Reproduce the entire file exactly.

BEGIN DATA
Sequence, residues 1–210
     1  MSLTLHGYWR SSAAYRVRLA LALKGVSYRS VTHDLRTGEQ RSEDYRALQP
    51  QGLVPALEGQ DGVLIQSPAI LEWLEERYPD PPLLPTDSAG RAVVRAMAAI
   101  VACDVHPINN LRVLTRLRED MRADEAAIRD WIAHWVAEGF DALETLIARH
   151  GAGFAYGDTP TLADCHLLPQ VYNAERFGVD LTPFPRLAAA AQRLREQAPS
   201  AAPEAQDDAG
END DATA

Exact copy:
Sequence, residues 1–210
     1  MSLTLHGYWR SSAAYRVRLA LALKGVSYRS VTHDLRTGEQ RSEDYRALQP
    51  QGLVPALEGQ DGVLIQSPAI LEWLEERYPD PPLLPTDSAG RAVVRAMAAI
   101  VACDVHPINN LRVLTRLRED MRADEAAIRD WIAHWVAEGF DALETLIARH
   151  GAGFAYGDTP TLADCHLLPQ VYNAERFGVD LTPFPRLAAA AQRLREQAPS
   201  AAPEAQDDAG